Australia to recycle more PVC containers
CANBERRA, AUSTRALIA — More than 20 million PVC containers eventually are to be recycled nationally each year under a new federal plan in Australia.
The program, partly funded by a federal grant of A$500,000 (US$247,500), aims to recycle 25 percent of household PVC containers by 2003. Currently, only 5 percent of the 13 million pounds of PVC bottles produced in Australia each year are recycled.
The major recyclers in the program are Melbourne-based Australian Vinyls Corp. Ltd. and Peteron Plastics Pty. Ltd., and Sydney-based Hollywood Plastics Pty. Ltd. Those firms will share the plan's cost with the manufacturers that convert the recycled PVC into new products.
Rob Faulkner, Australian Vinyls general manager, corporate and environmental affairs, said the PVC is collected from curbsides and taken to the recyclers' plants. The PVC then is shredded, washed, frozen, milled and decontaminated. The recycled material is used in place of virgin PVC in storm-water pipes and fittings, floor tiles and pallets.
The program currently is operating only in South Australia. Robert Hill, federal environment minister, said it will be extended to other capital cities and some regional centers by 2003.
He said the plan will divert bottles from landfills and "trigger a dramatic drop in virgin PVC manufacture."
Competition a focus for SPI conference
KAMUELA, HAWAII — Identifying competitive and productivity challenges is the focus for the Western Region conference of the Society of the Plastics Industry Inc., May 15-18 in Kamuela.
Donald Duncan, president of Washington-based SPI, will moderate a program on staying competitive and taking advantages of business opportunities in a global economy.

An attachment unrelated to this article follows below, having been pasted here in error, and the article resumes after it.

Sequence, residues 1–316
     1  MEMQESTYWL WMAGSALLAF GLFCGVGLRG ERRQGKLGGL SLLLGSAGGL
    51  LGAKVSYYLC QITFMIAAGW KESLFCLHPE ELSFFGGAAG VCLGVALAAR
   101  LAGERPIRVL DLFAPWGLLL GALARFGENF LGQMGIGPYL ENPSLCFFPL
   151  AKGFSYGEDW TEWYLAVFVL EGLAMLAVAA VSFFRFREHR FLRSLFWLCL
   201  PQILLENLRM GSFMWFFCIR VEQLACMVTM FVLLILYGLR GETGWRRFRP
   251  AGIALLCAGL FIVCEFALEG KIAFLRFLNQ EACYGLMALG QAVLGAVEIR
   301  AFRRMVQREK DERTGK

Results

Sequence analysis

Speakers include Peter Foss, president of GE Polymerland of Huntersville, N.C.; Larry Morrissey, senior director of global supply management for Redback Network Inc. of Sunnyvale, Calif.; Robert Shrouds, chief economist of DuPont Co. of Wilmington, Del.; and Charles Villa, executive vice president for business development with Trend Technologies Inc. of San Jose, Calif.
A separate program will tackle the conference theme from other perspectives.
Speakers include Sharon Beckett, president of Beckett & Beckett Inc. of Altadena, Calif., on strategic planning, marketing and communications analysis and Web strategies; Ed Constantine, executive vice president and co-founder of Lean Investments LLC of Coraopolis, Pa., on operations management, lean manufacturing and process flow; and Michael Urquhart, vice president of Husky Injection Molding Systems Ltd. of Bolton, Ontario, on financing, cost and feasibility studies and outsourcing and energy issues.
In addition, another panel will discuss global competitiveness for mold makers.
Fred Betke, president and owner of Delta Pacific Products Inc. in Santa Clara, Calif., is chairman of the conference committee.
Call (949) 261-6979, fax (949) 261-6959 or see www.spiwest.org for details.
PP plants sign on to Novolen process
HOUSTON — Process technology owned by Novolen Technology Holdings — a new joint venture between Equistar Chemicals LP and ABB Lummus Global GmbH — will be used in five new polypropylene plants between 2001 and 2003.
The five plants will be able to produce almost 2.5 billion pounds of PP annually. The largest of the five is a 1 billion-pound-per-year plant being built by NPIC in Al Jubail, Saudi Arabia, which is set to open in 2002.
The other four are:
A 500 million-pound plant built by Basell NV in Tarragona, Spain, for a 2001 start.
A 500 million-pound plant built by Proplico in Cartagena, Colombia, for a 2001 start.
A 175 million-pound plant built by Regal Petrochemical in Bandar Iman Khomeini, Iran, for a 2002 start.
A 330 million-pound plant built by MAS in Suez, Egypt, for a 2003 start.
Novolen, based in Mannheim, Germany, was formed in September when Equistar and ABB Lummus bought the Novolen-brand technology business from BASF AG's Targor GmbH unit. European regulators required Targor to sell Novolen before the merger of the chemicals businesses of BASF and Royal Dutch/Shell Group was approved.
Novolen Technology accounts for about 15 percent of global PP production.
As an independent PP licenser, Novolen will have "the freedom and flexibility to deliver all process and product developments ... directly to licensees with no lead time," according to Godofredo Follmer, the firm's general manager of licensing.